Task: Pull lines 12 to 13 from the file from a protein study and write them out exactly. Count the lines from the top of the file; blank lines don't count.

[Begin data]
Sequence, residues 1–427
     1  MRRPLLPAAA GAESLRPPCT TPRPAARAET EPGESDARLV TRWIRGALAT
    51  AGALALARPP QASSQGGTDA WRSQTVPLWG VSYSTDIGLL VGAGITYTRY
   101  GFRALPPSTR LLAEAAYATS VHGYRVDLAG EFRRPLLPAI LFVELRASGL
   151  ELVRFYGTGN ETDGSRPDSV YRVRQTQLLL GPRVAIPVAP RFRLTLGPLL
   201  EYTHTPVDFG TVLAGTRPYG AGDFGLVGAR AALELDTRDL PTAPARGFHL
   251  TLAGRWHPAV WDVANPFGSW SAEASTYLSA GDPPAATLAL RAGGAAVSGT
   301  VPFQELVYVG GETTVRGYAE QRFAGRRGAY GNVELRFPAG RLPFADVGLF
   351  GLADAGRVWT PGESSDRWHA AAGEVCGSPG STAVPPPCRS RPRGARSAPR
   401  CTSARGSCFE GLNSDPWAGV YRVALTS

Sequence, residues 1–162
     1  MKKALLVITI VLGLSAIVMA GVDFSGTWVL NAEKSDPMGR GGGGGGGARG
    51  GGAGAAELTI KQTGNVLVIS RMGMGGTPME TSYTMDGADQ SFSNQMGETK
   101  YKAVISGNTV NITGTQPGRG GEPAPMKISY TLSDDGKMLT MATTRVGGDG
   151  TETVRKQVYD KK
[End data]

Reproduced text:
     1  MKKALLVITI VLGLSAIVMA GVDFSGTWVL NAEKSDPMGR GGGGGGGARG
    51  GGAGAAELTI KQTGNVLVIS RMGMGGTPME TSYTMDGADQ SFSNQMGETK